Love Life: Dealing with Loneliness - Counselors Love Life: Dealing with Loneliness - Counselors

Love Life: Dealing with Loneliness

Loneliness is a complex feeling, when someone says they feel ‘lonely during their love life, it can mean a variety of things.

It might mean that you feel unheard or unloved. It may be you’re feeling disconnected from your partner – like you aren’t as close as you used to be. Or it could be you’re feeling confused about something: you’re trying to resolve a problem but feel unable to talk about what’s bothering you.  

What leads to loneliness?

Changes in your love life often mean different or greater pressures, which can leave you feeling like you need more support. If it doesn’t feel like you’re getting the support you need you may begin to resent your partner or drift apart from them – this is when the feeling of ‘loneliness’ can begin to creep in.

Changes in our lives can also alter the role we want our relationship to playing in our love life: a mother may suddenly find herself re-assessing whether her relationship gives her everything she needs after her grown-up children have left home. Or one partner may begin to wonder whether they’ve sacrificed too much for their marriage when they’re passed up for another promotion. Again, feeling your relationship isn’t giving you what you need can lead to a sense of alienation as you begin to doubt whether you’ve got your priorities right.

Loneliness in relationship

At other times, it can be an internal change that’s prompted you to feel differently about your relationship.

It might be that you’re not communicating as well as you used to. It can be easy to slip into negative communication habits – such as freezing each other out or jumping to make accusations – over time these can wear away at your relationship and make you feel less close to one another.

Maybe there’s been a breach of trust, such as an affair. When we feel betrayed, it can affect the relationship even more deeply than we might realize. Often, it takes years to identify and work out the damage done when one partner badly lets down the other. 

How does loneliness affect your relationship?

In a sense, it’s not that common that someone might admit to being ‘lonely’ in a relationship. This tends to be the way someone might phrase things after a period of analysis or soul searching. 

In reality, loneliness tends to express itself more indirectly. You might find yourself feeling more annoyed with your partner: starting arguments or interpreting things they do and say negatively.

You may act a little childishly, start avoiding your partner or give them the silent treatment. You may become less sexual and feel less attracted to them. Or we might just get the general underlying feeling that we’re drifting apart – becoming disconnected over time.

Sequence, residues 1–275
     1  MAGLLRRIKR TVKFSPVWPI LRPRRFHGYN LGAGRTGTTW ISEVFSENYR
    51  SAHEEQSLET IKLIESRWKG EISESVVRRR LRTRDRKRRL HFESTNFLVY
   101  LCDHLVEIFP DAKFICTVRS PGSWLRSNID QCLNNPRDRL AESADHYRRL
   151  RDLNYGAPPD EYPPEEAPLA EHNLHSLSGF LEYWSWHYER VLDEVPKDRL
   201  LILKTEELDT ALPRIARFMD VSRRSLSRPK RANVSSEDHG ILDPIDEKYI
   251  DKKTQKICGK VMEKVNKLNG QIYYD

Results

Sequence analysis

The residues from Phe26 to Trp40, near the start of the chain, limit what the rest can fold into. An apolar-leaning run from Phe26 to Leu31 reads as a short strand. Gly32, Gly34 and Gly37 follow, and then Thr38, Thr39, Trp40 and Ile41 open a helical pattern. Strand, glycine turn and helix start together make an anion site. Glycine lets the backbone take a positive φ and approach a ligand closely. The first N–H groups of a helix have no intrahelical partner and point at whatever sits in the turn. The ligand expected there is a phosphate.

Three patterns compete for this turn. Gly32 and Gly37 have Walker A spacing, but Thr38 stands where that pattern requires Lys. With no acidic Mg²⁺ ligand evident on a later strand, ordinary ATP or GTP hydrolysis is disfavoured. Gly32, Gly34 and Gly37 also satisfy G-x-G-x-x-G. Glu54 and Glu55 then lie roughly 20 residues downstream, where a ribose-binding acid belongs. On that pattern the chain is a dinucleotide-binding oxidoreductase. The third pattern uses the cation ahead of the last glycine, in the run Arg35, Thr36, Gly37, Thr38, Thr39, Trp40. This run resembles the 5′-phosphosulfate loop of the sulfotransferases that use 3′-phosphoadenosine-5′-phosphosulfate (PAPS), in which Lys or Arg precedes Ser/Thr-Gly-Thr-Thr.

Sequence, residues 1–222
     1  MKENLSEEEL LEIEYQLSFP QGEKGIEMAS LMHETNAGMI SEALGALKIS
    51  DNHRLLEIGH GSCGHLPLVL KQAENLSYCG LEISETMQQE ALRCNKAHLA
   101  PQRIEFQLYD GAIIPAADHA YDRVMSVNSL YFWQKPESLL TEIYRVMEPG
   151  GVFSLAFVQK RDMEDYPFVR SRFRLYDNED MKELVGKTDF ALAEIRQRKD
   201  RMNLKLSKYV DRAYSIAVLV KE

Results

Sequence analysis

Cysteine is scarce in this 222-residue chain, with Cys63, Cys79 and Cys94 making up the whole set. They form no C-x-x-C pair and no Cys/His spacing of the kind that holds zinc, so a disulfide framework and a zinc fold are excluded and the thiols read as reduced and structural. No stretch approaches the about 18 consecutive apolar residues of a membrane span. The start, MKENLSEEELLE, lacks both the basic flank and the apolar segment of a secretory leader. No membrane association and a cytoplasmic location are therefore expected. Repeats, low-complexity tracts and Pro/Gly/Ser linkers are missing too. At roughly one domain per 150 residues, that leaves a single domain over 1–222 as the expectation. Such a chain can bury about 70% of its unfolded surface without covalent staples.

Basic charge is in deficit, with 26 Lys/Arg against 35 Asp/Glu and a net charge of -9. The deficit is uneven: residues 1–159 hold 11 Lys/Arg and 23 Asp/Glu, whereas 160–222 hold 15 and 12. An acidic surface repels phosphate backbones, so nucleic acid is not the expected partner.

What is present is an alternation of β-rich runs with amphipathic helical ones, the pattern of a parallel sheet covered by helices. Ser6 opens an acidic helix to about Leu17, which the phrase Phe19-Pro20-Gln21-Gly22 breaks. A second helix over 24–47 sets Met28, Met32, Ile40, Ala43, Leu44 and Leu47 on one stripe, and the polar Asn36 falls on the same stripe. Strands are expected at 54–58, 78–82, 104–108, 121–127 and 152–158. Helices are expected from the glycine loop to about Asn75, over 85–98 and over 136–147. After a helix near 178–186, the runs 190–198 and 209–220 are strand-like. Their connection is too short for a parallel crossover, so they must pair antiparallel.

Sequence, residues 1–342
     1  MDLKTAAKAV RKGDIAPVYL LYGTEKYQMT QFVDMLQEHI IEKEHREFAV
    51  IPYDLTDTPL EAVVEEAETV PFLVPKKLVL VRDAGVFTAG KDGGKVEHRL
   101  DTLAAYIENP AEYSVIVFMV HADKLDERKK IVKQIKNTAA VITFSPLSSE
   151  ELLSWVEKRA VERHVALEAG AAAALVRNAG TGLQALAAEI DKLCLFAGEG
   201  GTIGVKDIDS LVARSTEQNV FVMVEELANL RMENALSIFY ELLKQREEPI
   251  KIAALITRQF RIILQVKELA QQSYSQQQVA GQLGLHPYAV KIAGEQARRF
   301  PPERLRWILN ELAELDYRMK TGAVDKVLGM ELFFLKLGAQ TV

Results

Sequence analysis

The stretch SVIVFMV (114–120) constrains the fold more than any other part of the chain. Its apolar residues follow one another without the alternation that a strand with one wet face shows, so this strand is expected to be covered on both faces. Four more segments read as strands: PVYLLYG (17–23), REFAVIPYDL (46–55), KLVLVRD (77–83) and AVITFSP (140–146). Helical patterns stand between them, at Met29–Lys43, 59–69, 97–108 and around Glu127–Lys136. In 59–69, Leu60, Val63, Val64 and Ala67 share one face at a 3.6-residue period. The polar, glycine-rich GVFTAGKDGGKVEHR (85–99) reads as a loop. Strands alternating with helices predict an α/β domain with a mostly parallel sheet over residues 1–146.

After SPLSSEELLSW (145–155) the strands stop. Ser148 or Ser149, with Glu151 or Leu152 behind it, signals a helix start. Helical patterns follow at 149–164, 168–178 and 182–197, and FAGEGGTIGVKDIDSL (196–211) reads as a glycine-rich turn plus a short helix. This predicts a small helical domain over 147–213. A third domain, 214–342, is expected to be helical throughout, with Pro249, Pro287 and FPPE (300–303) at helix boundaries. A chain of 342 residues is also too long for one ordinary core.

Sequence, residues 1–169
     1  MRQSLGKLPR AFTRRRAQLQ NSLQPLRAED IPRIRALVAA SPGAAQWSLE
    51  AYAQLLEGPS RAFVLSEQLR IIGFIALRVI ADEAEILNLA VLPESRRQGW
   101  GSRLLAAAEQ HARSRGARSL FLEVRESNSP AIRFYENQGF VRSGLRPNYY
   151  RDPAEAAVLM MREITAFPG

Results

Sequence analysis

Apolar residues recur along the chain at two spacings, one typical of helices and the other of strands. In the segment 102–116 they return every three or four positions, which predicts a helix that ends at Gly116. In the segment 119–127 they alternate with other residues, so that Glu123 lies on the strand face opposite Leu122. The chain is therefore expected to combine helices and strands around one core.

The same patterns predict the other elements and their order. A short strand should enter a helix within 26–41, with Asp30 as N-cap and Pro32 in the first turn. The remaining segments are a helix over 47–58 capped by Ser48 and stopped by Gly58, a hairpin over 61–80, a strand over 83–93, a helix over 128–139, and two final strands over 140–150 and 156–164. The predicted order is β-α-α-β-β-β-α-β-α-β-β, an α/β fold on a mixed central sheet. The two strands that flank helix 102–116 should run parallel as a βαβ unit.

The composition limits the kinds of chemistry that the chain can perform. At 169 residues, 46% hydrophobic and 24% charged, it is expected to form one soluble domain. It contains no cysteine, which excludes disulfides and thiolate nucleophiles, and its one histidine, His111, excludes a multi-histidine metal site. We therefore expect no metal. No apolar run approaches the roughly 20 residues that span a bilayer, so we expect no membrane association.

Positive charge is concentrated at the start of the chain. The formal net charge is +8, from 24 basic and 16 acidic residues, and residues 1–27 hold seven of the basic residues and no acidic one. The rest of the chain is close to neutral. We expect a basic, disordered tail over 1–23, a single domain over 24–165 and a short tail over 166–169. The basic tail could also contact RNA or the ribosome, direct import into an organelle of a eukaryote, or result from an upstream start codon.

Read solutions to some love-related issues at

How do you break out of this kind of situation?

If you’ve been feeling lonely in your relationship, here are ways to work through those feelings.

  • Discuss Your Feelings with Your Significant Other-Remind the other person you’re not blaming or criticizing in any way, but want to share your feelings. Then share that you are lonely. Maybe you both need to make changes. Or this might be attributable to some feelings you have that predate the relationship and that you need to address yourself.
  • Take a Break from Social Media-Instead of texting your partner, make a phone call. Or better yet, meet up with them for a quick drink at your favorite cafe. Aim to focus on connecting with your partner.
  • Do Something Nice for Them-If your partner loves history, buy them a book about the Civil War. Or offer to drive the kids for ice cream after school so your partner, who works from home, can take a break and play a video game for a little while.
  • Volunteer-Think about others and give back. If you love animals, maybe both of you can volunteer at an animal shelter. Or reach out to see if you can work together on building a house for Habitat for Humanity.
  • Hug Your Partner-Be physically affectionate When you hug your partner, oxytocin (often called the “cuddle hormone”) is released. When you touch one another, you’ll feel a sense of closeness. You’ll also gain deeper feelings of connection, bonding, and trust.
  • Nurture Other Relationships-Call your buddy or spend time with your sister. Don’t forget to nurture your other important relationships. You’ll be reminded that you love others and that you yourself are loved.

Watch this to get rid of your relationship problems:


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